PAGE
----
GSDMB-mediated pyroptosis is closely related to GzmA. Of the five human granzymes in HEK-293F cells, only GzmA was found to rapidly cleave GSDMB in a pattern similar to the NK cell killing assay.
When GzmA was electroporated into GSDMB-reconstituted 293T cells, it caused extensive GSDMB lysis and pyroptosis.
Likewise, GzmA-mediated cleavage of GSDMB is required for NK cell killing of 293 cells under physiological conditions.
Notably, other cancer cell lines with insignificant levels of GSDMB, such as OE33 ( esophageal cancer cells ) and HCC1954 ( breast cancer cells ), can be inhibited by exposure to cytokines normally released by activated CTLs such as IFN-γ and TNF . -α ) to transcriptionally induce increased GSDMB expression.
In turn, IFN-γ priming significantly enhanced pyroptosis in these cell lines, an effect ultimately dependent on GzmA.
Taken together, these findings not only suggest that GSDMB-mediated pyroptosis acts downstream of GzmA, but that cytotoxic lymphocytes can deliver GzmA to GSDMB-expressing cancer cells to promote antitumor immunity.
The study found that GSDME-mediated pyroptosis was associated with GzmB. Ectopic expression of mouse GSDME ( mGSDME ) in mouse 4T1E breast cancer cells significantly inhibited 4T1E tumor growth and resulted in increased infiltration of NK cells and tumor-associated macrophages ( TAMs ) in an in vivo model. Furthermore, GzmB- and perforin-expressing NK cells and CD8+ TILs increased in tumors when stimulated.
Further studies showed that the human NK cell line YT can activate pyroptosis in GSDME-expressing HeLa cells, and this induction is achieved by GzmB, which not only cleaves GSDME at the same location as caspase-3, but also indirectly activates caspase-3 .
Furthermore, CAR-T cells can induce GSDME-mediated pyroptosis of tumor cells in B-cell leukemia and solid tumor cells via perforin and GzmB release.
Treatment of human-derived macrophages with supernatants of co-cultured CD19-CAR-T cells and cancer cells ( NALM-6, Raji, or primary B leukemia cells ) promotes macrophage activation of caspase-1, cleavage of GSDMD, and release IL-6 and IL-1β.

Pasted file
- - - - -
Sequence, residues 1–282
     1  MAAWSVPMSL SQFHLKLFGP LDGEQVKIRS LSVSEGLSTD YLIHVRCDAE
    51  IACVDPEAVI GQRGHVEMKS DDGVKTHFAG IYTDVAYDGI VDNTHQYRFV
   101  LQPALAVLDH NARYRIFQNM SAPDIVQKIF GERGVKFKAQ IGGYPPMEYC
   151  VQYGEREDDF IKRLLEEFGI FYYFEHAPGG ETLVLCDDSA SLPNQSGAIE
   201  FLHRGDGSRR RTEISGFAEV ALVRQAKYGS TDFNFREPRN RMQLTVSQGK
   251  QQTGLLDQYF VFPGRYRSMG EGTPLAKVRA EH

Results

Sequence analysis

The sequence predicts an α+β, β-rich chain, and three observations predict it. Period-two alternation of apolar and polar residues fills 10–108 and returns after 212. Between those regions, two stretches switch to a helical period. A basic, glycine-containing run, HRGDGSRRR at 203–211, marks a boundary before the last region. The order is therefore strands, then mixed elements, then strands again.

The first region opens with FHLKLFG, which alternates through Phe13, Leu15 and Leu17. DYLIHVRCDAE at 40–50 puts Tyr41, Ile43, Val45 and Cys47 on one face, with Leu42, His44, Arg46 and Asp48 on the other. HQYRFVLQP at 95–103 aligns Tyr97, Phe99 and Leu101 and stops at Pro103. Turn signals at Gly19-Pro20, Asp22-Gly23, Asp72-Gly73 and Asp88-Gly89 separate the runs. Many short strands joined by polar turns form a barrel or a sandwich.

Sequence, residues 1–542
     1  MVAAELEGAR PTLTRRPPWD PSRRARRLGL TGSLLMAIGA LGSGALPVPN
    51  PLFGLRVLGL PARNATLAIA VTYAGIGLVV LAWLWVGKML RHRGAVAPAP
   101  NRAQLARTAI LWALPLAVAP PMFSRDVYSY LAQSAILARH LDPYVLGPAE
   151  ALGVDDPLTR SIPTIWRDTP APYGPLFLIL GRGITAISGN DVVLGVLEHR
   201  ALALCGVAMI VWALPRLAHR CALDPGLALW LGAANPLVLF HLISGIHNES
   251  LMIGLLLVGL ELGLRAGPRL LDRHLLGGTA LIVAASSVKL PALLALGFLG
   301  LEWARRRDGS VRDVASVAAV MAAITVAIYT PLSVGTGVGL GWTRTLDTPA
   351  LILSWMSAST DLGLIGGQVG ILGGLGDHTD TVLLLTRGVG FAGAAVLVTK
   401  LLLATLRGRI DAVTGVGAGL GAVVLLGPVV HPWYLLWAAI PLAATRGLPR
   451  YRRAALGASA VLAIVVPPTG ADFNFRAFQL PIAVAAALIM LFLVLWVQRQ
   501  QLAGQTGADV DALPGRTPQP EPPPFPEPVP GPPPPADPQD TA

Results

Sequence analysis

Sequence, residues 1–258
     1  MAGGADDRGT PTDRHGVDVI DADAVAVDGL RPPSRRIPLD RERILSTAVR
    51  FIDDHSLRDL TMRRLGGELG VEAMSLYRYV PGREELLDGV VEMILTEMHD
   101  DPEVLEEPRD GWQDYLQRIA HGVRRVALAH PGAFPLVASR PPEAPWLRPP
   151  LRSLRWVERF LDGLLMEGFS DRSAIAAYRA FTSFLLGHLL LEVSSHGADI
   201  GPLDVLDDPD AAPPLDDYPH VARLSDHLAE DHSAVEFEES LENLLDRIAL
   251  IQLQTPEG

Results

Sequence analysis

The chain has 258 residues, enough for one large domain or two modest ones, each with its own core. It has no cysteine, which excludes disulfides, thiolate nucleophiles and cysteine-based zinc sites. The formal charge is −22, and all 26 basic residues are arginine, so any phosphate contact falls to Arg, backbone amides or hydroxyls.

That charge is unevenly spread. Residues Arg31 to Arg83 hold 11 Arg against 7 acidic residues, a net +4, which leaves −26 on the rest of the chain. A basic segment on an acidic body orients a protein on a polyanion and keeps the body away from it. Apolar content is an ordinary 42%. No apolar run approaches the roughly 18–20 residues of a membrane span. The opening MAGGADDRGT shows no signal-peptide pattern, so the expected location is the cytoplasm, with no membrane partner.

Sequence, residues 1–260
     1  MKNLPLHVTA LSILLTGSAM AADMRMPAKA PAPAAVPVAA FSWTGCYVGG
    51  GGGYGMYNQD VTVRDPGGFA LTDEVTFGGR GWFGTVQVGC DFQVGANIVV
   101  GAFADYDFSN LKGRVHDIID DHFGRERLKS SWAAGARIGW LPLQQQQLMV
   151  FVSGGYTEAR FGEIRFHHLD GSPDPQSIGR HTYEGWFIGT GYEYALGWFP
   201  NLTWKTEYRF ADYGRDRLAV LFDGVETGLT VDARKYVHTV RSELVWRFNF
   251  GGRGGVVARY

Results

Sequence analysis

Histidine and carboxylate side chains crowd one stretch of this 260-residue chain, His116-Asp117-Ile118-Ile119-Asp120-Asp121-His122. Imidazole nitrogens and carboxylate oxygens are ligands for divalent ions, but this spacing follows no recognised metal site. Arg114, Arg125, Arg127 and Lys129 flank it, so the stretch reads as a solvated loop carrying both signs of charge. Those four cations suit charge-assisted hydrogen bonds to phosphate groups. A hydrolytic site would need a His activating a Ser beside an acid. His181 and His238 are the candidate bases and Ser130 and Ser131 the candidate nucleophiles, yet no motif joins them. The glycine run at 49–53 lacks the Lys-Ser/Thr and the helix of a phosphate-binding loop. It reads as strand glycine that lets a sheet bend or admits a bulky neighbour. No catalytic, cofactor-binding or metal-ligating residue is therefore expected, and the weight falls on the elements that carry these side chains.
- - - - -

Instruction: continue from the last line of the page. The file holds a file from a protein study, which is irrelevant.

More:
We also found that ATP and HMGB1 in the co-culture supernatant were sufficient to promote macrophage IL-1β secretion and IL-6 upregulation, respectively.
Collectively, these findings suggest that CAR-T cell therapy induces CRS through GSDME-promoted pyroptosis, and analysis of tumor cells from patients before CD19-CART cell therapy showed that elevated GSDME levels were associated with more severe CRS.
Application prospect of pyroptosis in anticancer therapy
In recent years, an increasing number of studies have demonstrated the feasibility and therapeutic potential of using pyroptosis for antitumor immunity through different targeting and delivery approaches.
For example, methotrexate infused into cholangiocarcinoma ( CCA ) cells using tumor cell-derived microparticles ( TMPs ) to induce GSDME-mediated pyroptosis, which activates patient-derived macrophages and recruits neutrophils to Drug-directed tumor destruction at the tumor site.
Furthermore, when this methotrexate TMP delivery system was infused into the bile duct lumen of extrahepatic CCA patients, neutrophil activation and remission of biliary obstruction were observed in 25% of patients.
In addition, GSDME-mediated pyroptosis was also found to cause immune cell infiltration/activation in melanoma through a combination of BRAF and MEK inhibitors and lead to melanoma regression. In another strategy, metformin, the most commonly used drug for the treatment of type 2 diabetes, can inhibit cancer cell proliferation by indirectly activating pyroptosis through caspase-3.
A series of small-molecule inhibitors targeting KRAS, EGFR, or ALK mutant lung cancers have also been found to induce pyroptosis through caspase-3-mediated GSDME cleavage after activation of the intrinsic mitochondrial apoptotic pathway.
In breast cancer cells, treatment with RIG-1 agonists triggers extrinsic apoptotic pathways and pyroptosis, activates STAT1 and NF-κB and upregulates lymphocyte recruitment of chemokines.
Thus, following RIG-1 activation in mice, a reduction in breast cancer metastasis and tumor growth was accompanied by an increase in tumor lymphocytes.
Another major hurdle facing almost all anticancer immunotherapy strategies is the dysregulation of the immunosuppressive tumor microenvironment. To address this issue, Lu et al. engineered NK92 cells containing a chimeric costimulatory transforming receptor ( CCCR ), which converts inhibitory PD-1 signals into activating signals, effectively enhancing antitumor activity. In vitro, CCCR-NK92 cells rapidly killed H1299 cells via GSDME-mediated pyroptosis and significantly inhibited tumor growth in vivo.
In addition, more and more exciting research reports show that pyroptosis induction synergizes with PD-1 inhibitors to turn tumors from “cold” to “hot”, indicating the great potential of this combination.
As an inflammatory cell death mode, pyroptosis plays an important role in tumor suppression by stimulating anti-tumor immune responses. In some cases, induction of pyroptosis alone may be sufficient to retard tumor growth.
However, one of the greatest challenges for the therapeutic application of pyroptosis is the irregularity in the expression and function of pyroptosis-related components, not only between different cancers, but also within the same type of cancer.
Nonetheless, advances in molecular, genetic, and epigenetic targeting/delivery systems, as well as the development of precise and personalized medicine, give hope that we will soon be able to harness these powerful mechanisms as tools for the treatment of cancer.
1. Pyroptosis at the forefront of anticancerimmunity. J Exp Clin Cancer Res. 2021; 40: 264.
Understand Tumor Immunity and Pyroptosis to find the anti-cancer strategy
(source:internet, reference only)